Tonight I've actually got social plans, which is exciting, and then I tomorrow my aim is to pound out more of the draft (all of the rest of it? is that possible?). I'll then spend Sunday cleaning my house, and then Monday I'll prep for the week. Ah, break has not been long enough, but I have accomplished a great deal.

Thursday, March 13, 2008

RBOC: Plugging Right Along

  • Well, you all asked for it :) Since you seem to enjoy watching my "process" so much, I shall entertain you with a wee update. Thanks for the comments, by the by. They are very, very motivating, which I suppose is one of the benefits of blogging - having some supportive peeps that one feels like one can't let down.
  • At any rate, I think one of the reasons that things were coming so slowly was that I forgot how to draft from scratch. See, I've not written anything longer than a conference paper that was brand spanking new in.... yeah, like two years. And so I was attempting to draft the way that I draft a conference paper, or to write as I write when I'm working on something that's already in progress, and that's no good for this sort of thing. I guess when I'm working on something already in progress or on something short that I'm a bit more... meticulous in the first go around. I forgot that I like to do things like put "add stuff about x here" in bold and just keep going. After a few hours, though, I remembered that I like to do that, and so now things are fairly solidly underway.
  • One of the issues, too, is that I'm a beginning-to-end drafter. That's not to say that I don't go back and change the beginning parts, but I can't launch into an easy section of the outline first because I've got to work through the tough stuff in order to know what to do in the easy sections. So, for example, if I were actually talking about the novels I'm discussing and analyzing them (which I just realized is the bulk of what I do in a conference paper, which may then be why I can write more smoothly in that genre), this would be going much faster.
  • Instead, though, I'm working on the introductory stuff that leads up to all that - a combination of lit review, some theory, some engagement with the field, and that's all stuff that comes in 1-3 sentence bursts. In other words, I find myself writing a sentence, or a half of a paragraph, or when I'm really in the zone a paragraph, and then I have to stop and figure out what to do next. This is annoying and time-consuming.
  • But I think I'm doing something really fricking cool. And let me tell you, I was not so sure of that this morning.
  • Though I'm still trying to do too much.
  • And I don't think it's a good sign that for the past hour I've been debating about when is an appropriate time to have a glass of wine. As in, I'd really like a glass of wine right now but it's only just after 4 PM and I've still got it in my head that I'd like to write some more and so that's probably not a good idea.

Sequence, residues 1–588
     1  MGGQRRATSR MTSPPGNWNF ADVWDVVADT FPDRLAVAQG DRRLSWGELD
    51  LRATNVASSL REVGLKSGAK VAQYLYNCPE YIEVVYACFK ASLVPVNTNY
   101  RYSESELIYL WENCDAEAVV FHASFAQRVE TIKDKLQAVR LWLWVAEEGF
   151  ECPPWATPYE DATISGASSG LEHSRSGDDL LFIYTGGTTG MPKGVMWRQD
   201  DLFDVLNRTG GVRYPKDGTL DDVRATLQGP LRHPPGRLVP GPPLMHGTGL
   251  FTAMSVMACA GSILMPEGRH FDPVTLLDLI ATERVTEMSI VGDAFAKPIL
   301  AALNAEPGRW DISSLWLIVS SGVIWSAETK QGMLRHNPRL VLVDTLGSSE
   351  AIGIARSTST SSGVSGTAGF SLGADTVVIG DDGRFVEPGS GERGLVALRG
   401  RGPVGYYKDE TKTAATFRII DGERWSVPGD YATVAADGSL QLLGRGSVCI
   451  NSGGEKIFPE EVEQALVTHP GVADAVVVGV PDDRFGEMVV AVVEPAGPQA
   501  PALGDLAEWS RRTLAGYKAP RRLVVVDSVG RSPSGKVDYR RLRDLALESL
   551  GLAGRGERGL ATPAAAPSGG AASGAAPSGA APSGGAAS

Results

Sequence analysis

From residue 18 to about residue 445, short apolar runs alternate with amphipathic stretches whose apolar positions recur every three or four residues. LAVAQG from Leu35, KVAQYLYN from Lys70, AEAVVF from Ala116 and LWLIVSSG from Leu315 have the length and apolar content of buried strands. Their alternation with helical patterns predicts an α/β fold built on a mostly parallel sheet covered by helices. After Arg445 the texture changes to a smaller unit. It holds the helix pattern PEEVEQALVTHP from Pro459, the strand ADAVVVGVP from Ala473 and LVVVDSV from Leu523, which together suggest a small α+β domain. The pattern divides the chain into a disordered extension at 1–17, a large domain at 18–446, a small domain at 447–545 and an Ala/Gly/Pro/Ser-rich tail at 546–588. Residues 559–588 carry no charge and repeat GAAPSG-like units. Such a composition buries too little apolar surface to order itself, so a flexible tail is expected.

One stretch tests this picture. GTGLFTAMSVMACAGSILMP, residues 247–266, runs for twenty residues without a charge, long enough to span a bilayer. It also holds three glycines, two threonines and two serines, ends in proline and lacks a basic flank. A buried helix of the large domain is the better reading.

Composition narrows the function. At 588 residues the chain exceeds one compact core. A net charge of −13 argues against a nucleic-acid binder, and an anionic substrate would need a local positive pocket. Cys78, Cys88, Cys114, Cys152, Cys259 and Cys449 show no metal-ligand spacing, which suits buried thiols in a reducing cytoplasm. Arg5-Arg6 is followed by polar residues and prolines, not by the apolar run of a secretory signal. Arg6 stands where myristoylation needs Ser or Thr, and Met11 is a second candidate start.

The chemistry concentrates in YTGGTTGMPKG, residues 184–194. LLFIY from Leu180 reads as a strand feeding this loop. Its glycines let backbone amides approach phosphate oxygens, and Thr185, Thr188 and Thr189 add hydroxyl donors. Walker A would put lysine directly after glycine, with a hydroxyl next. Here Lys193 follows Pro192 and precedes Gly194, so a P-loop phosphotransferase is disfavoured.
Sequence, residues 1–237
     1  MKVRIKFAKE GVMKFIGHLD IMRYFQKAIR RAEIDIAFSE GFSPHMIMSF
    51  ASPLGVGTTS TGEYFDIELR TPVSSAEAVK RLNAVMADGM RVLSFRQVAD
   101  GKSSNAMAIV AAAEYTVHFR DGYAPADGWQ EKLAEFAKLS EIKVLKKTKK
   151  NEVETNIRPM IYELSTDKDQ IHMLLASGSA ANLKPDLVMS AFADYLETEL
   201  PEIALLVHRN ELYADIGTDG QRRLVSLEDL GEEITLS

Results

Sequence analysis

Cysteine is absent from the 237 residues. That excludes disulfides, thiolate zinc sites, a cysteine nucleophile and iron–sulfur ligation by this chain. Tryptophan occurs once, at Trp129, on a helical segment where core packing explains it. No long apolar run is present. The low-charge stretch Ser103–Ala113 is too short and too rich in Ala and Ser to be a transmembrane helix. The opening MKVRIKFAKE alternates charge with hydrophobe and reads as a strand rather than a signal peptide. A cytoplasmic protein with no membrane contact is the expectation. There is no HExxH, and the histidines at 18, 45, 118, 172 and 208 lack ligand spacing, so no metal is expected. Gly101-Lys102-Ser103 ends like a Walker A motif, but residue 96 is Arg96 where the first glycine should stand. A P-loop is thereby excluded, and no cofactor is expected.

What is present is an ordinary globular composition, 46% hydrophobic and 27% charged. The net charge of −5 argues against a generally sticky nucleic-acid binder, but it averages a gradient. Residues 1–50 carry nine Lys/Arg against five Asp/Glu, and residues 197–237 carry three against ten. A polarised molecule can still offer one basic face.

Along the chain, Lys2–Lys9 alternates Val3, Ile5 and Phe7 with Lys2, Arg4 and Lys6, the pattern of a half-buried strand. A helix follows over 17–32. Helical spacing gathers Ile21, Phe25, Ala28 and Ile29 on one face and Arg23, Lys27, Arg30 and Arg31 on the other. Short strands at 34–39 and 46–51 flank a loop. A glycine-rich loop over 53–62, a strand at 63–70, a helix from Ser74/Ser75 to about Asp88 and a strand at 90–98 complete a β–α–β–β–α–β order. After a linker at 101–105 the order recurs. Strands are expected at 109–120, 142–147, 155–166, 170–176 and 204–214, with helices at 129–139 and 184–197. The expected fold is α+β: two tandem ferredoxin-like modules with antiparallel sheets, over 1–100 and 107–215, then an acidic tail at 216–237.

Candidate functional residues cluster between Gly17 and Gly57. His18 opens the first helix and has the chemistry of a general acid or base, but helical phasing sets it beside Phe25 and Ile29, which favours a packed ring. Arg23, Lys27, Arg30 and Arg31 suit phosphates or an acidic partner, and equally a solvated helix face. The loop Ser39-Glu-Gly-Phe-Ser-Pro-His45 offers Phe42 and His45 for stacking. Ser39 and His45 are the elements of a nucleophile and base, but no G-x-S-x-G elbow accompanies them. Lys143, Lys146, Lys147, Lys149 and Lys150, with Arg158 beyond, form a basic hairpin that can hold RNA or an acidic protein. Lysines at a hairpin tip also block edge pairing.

• It does help that I don't have wine in the house, though I'm thinking now might be a good time to go and procure some.
  • What's disgusting is that it's like this gorgeous spring day outside and I've been chained to my computer for all of it.
  • Which makes me think that I really should break and go buy some wine. (Though really what I should do is break and go for a walk or something in the outdoors.)
  • The kitty had a disgusting hairball earlier. That was gross, but it was nice because it was a legitimate excuse to take a break.
  • As opposed to all of the illegitimate excuses that I usually use for breaks.
  • So yes, that's the latest. I've got about five solid pages. I'm hoping to get about five more before I collapse. I'll be happy with only 3, however. We shall see.
  • Which also means (and this is annoying) that I'll be writing again tomorrow instead of cleaning my house. Is ok, though, as I'd sort of known that would be the case when I began this week.
  • Until later... and I may try to get Medusa over to the Lounge this evening. Will keep you posted on whether I can make that happen.

Ugh - An Update

This is not going quickly. Not at all. That said, I think I've managed 3 mediocre pages, and it does seem to be coming a bit faster. Part of the problem, I think, is that I'm trying to do way too much. I'm not focused. I think I've decided, though, that I should just do what I can to get what I'm trying to do down in a loose way. I can always go back and tighten (as I always have to do anyway) and so the point is not for this draft to be perfect but rather for it to exist.

I'm having one of my typical moments of writerly insecurity, though, where I feel as if I'm being too... I don't know. Like I'm not rooting what I'm talking about in scholarly conversation enough. Like I'm just yammering on in an engaging though unsophisticated way and that ultimately that means that what I'm writing lacks substance and depth and that it's not ultimately very good.